Some Positive Images and/ or Black Stories depicted in Film and/ or Black Directors That WE HAVE SUPPORTED and have made money include: SPIKE LEE’S RELEASES; LEE DANIELS’ RELEASES; OPRAH WINFREY & DENZEL WASHINGTON’S “The Great Debaters”; Denzel’s ANTWONE FISHER; Films by THE HUGHES BROTHERS; QUINCY JONES and ROBERT TOWNSEND — back in the day; MELVIN VAN PEEPLES and OSSIE DAVIS — way, way back in the day; and “DREAMGIRLS.”  When “Daughters of the Dust” was at one theater in the village in NYC 20 years ago, we went out in droves and supported that film.  “The Best Man” was number-one at the box office it’s first week out.  “Red Tails” debuted at number-two last week raking in 19-million dollars, second to “Underworld,” which is a franchise.  “Red Tails” landed at number-four at the box office this weekend, its total gross so far is 33.8m.  Despite multiple successes, no light bulb has gone off in the heads of Hollywood Producers and Distributors yet, that black actors and actresses in film make money.  “Cadillac Records” grossed $8,134,217 at the box office, with an estimated budget of 12m — so at the box office it fell short.  Executive produced by Beyonce, those figures don’t include any monies it may have garnered in DVD sales.  Although it did employ many black actors, it didn’t pay for itself, and that’s the argument of those who green light projects.  But that’s just one example, among several I’ve mentioned that were successful.  You win some you loose some right?  We KNOW there have been a multitude of flops at the box office with a slew of other films that depicted other cultures, but movies still get made.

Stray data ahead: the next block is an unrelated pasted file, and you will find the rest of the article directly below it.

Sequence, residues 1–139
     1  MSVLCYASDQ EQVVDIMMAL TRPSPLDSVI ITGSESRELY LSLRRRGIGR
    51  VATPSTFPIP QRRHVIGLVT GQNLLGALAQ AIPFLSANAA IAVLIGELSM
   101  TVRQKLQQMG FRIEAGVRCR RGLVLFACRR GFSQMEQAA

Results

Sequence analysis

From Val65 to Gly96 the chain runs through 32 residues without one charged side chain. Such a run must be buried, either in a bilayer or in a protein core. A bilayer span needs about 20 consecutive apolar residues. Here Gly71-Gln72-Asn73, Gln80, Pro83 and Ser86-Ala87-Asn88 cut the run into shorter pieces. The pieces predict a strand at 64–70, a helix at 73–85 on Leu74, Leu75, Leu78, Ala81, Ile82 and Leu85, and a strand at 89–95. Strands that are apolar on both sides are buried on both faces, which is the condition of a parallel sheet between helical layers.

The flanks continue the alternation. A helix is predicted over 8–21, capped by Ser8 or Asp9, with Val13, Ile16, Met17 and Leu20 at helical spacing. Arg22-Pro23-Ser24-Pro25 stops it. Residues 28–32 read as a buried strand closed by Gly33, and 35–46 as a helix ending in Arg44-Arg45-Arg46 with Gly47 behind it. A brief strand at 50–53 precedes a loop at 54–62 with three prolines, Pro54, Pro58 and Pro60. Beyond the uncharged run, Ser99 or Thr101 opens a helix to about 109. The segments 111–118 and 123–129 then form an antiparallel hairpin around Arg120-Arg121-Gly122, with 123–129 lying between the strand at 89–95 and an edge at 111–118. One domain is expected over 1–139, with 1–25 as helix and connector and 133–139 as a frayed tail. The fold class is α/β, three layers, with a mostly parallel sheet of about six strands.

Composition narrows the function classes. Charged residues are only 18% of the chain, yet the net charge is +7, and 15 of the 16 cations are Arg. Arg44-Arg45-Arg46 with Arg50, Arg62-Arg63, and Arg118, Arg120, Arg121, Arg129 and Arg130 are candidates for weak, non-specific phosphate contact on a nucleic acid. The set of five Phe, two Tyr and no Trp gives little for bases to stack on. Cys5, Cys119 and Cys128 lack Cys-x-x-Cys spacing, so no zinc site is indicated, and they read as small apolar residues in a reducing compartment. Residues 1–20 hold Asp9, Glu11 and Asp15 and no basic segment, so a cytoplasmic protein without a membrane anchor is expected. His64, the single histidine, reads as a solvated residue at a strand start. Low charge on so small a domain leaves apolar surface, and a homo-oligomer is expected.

Sidney Poitier alone grossed millions of dollars at the box office for practically every film he appeared in.  This website has 2011 adjusted box office results for his works:  So the proof is there – that’s not REALLY the argument.  The argument is now that WE’VE PROVEN BEYOND A SHADOW OF A DOUBT, WHY ARE THE SAME CHOICES BEING MADE TO NOT GREEN LIGHT POSITIVE BLACK IMAGES.  This is what has to be taken to studios, this is the voice we need to ring louder than ever so that changes can begin to happen.  Spike Lee was pretty much bashed at Sundance this year for his new film, “Red Hook Summer.”

“I’m an independent filmmaker,” he says in an interview with The Root, which you can read in full here:  Despite poor reviews, when it hits the theaters, I and millions of others will go to see it because it the new Spike Lee film.  Just like there’s a loyal following for those who go see films by Woody Allen, Martin Scorsese or Quentin Tarantino.  And so go the polotricks…

Although there are many black actors who have gotten Oscar recognition for their work, because of the limited black experiences that have been brought to the silver screen, the roles that have been duly noted tend to be less honorable than the notoriety.  Besides being praised for depicting maids and slaves, we’ve been pimps, hustlers, chauffeurs, weak or abusive mothers, corrupt cops, and money hungry sports figures — and so lies the aspect of bittersweet.  While these type of people that have been depicted exist, they are not all we are — and the struggle for positive images to be magnified continues.  For a list of names of those who have been honored with an Oscar or nominated for one over the years, go here:

For some of the more outstanding speeches by black actors and actresses at the Oscars over the years, including Halle Berry, Mo’Nique, McDaniel, Poitier, Foxx and Washington, go here:

for the Love and Funk of Film